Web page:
A blog maintained by Tevita Kete, PGR Officer
Secretariat of the Pacific Community (SPC), Suva, Fiji Islands
This weblog documents the activities of Pacific Agricultural Genetic Resources Network (PAPGREN), along with other information on plant genetic resources (PGR) in the Pacific.
The myriad varieties found within cultivated plants are fundamental to the present and future productivity of agriculture. PAPGREN, which is coordinated by the Land Resources Division of the Secretariat of the Pacific Community (SPC), helps Pacific countries and territories to conserve their crop genetic diversity sustainably, with technical assistance from the Bioversity International (BI) and support from NZAID and ACIAR.
SPC also hosts the Centre of Pacific Crops and Trees (CEPaCT). The CEPaCT maintains regional in vitro collections of crops important to the Pacific and carries out research on tissue culture technology. The CEPaCT Adviser is Dr Mary Taylor (MaryT@spc.int), the CEPaCT Curator is Ms Valerie Tuia (ValerieT@spc.int).
PAPGREN coordination and support
Mr William Wigmore
Mr Adelino S. Lorens
Dr Lois Englberger
Mr Apisai Ucuboi
Dr Maurice Wong
Mr Tianeti Beenna Ioane
Mr Frederick Muller
Mr Herman Francisco
Ms Rosa Kambuou
Ms Laisene Samuelu
Mr Jimi Saelea
Mr Tony Jansen
Mr Finao Pole
Mr Frazer Bule Lehi
Interested in GIS?
Sunday, January 08, 2006
Posted 8:04 PM by Luigi
Darwin's Harvest: New Approaches to the Origins, Evolution, and Conservation of Crops
Edited by Timothy J. Motley, Nyree Zerega, and Hugh Cross
Publisher's blurb: Darwin's Harvest addresses concerns that we are losing the diversity of crop plants that provide food for most of the world. With contributions from evolutionary biologists, geneticists, agronomists, molecular biologists, and anthropologists, this collection discusses how economic development, loss of heirloom varieties and wild ancestors, and modern agricultural techniques have endangered the genetic diversity needed to keep agricultural crops vital and capable of adaptation. Drawing on the most up-to-date data, the contributors review the utilization of molecular techniques to understand crop evolution. They explore current research on various crop plants of both temperate and tropical origin, including maize, sunflower, avocado, sugarcane, and wheat. The chapters in Darwin's Harvest also provide solid background for understanding many recent discoveries concerning the origins of crops and the influence of human migration and farming practices on the genetics of our modern foods.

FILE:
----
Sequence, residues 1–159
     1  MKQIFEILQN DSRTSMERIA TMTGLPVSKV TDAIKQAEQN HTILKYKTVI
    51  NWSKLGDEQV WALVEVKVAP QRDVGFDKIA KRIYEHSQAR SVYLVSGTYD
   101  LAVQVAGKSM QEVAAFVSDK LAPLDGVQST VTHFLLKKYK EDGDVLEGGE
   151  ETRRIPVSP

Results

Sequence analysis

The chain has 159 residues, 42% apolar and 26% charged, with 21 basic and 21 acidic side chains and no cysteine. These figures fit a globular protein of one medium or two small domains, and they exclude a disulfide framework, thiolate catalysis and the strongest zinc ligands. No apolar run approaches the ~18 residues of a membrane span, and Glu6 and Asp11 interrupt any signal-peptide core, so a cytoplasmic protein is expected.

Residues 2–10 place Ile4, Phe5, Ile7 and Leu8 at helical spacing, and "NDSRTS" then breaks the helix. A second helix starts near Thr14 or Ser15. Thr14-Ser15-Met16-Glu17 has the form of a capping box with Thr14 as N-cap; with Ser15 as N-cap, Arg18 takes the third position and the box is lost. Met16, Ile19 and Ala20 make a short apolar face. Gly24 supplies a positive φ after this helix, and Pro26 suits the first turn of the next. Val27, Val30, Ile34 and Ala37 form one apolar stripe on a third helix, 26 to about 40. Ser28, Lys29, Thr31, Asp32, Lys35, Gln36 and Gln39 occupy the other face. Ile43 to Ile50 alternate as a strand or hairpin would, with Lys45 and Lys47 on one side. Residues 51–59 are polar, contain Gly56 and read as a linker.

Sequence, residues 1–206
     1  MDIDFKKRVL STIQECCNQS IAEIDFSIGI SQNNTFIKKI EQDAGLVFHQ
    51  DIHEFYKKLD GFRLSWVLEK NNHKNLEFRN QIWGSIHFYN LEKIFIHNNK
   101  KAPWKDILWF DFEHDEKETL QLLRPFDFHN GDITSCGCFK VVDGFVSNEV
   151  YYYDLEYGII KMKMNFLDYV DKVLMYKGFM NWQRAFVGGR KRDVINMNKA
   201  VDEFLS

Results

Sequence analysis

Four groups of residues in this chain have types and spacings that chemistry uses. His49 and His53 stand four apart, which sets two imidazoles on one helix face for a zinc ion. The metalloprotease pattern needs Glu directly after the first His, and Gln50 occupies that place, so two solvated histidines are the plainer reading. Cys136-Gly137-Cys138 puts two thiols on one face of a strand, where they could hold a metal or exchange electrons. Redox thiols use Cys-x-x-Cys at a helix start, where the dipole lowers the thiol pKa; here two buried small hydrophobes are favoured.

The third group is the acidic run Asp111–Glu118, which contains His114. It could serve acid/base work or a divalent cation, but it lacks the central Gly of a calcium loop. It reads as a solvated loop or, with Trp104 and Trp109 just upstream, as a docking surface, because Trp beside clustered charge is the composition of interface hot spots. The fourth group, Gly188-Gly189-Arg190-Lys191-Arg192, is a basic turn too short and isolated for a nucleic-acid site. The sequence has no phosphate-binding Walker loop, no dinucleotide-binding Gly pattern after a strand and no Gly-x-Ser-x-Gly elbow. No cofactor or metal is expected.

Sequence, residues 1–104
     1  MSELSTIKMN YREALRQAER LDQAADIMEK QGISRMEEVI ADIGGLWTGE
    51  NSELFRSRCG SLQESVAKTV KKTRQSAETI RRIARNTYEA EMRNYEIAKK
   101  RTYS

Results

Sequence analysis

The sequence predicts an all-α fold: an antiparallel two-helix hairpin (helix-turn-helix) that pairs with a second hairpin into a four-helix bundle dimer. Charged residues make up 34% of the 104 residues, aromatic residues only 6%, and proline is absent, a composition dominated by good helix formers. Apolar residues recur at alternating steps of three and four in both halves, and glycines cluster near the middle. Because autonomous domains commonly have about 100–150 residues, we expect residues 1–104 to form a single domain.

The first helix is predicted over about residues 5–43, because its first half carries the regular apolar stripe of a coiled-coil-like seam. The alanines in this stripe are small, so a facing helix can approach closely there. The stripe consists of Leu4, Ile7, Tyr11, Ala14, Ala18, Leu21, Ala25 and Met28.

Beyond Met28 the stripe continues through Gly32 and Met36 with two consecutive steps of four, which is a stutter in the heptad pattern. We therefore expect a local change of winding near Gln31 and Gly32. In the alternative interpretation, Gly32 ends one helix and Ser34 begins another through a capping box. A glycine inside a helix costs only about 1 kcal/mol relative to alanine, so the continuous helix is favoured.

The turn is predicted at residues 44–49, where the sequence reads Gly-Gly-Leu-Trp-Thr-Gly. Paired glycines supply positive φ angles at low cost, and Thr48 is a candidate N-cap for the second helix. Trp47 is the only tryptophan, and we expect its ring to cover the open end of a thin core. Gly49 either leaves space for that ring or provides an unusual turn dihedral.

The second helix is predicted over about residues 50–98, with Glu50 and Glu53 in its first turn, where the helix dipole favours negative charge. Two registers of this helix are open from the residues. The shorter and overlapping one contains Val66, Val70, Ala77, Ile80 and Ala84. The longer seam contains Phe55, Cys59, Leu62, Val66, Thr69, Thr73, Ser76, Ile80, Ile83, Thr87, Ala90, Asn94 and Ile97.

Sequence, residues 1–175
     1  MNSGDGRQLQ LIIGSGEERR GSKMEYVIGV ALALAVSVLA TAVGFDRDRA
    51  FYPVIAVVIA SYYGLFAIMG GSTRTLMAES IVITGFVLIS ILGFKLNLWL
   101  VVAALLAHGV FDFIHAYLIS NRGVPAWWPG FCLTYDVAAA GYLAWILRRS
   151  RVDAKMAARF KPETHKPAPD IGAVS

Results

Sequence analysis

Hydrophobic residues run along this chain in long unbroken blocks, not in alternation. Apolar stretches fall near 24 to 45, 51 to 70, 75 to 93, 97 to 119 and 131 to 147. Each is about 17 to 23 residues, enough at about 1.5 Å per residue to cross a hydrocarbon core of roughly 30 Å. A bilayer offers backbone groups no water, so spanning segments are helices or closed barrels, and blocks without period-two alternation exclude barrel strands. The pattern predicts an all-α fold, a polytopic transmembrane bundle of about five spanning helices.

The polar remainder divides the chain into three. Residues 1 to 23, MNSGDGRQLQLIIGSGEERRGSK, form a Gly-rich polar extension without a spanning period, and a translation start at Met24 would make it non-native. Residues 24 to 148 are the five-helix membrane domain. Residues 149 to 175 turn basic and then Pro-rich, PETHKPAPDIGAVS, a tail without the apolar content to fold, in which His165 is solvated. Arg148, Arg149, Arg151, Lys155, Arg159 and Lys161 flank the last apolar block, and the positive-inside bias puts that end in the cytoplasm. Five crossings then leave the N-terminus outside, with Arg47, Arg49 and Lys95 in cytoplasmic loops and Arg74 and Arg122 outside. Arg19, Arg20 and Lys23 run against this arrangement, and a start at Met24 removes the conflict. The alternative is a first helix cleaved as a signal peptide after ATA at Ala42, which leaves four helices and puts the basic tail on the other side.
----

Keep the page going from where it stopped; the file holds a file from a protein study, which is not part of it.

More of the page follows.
The following chapters concern crops of interest to the Pacific:
Molecular evidence of sugarcane evolution and domestication.
Laurent Grivet, Jean-Christophe Glaszmann, and Angelique D'Hont. pp. 49-66.
Breadfruit origins, diversity and human-facilitated distribution.
Nyree Zerega, Diane Ragone, and Timothy J. Motley. pp 213-238.
Genetic Relationships Between Dioscorea alata L. and D. nummularia Lum. as revealed by AFLP markers.
Roger Malapa, Jean-Louis, Noyer, Jean-Leu Marchand, and Vincent Lebot. pp. 239-268.
Evolution, domestication, and agrobiodiversity in the tropical crop cassava.
Barbara A. Schaal, Kenneth M. Olsen, and Luiz J.C.B Carvalho. pp. 269-284.
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Agrobiodiversity Weblog: For discussions of conservation and sustainable use of the genetic resources of crops, livestock and their wild relatives.